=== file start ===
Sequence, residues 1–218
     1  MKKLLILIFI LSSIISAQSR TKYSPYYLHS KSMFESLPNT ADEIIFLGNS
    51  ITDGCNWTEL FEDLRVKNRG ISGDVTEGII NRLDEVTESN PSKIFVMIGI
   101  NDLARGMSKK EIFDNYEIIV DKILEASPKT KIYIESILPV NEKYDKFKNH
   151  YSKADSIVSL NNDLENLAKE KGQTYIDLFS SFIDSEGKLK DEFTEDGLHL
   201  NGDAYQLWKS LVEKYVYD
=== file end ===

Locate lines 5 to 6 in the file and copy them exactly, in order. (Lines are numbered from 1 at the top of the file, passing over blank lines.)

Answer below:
   151  YSKADSIVSL NNDLENLAKE KGQTYIDLFS SFIDSEGKLK DEFTEDGLHL
   201  NGDAYQLWKS LVEKYVYD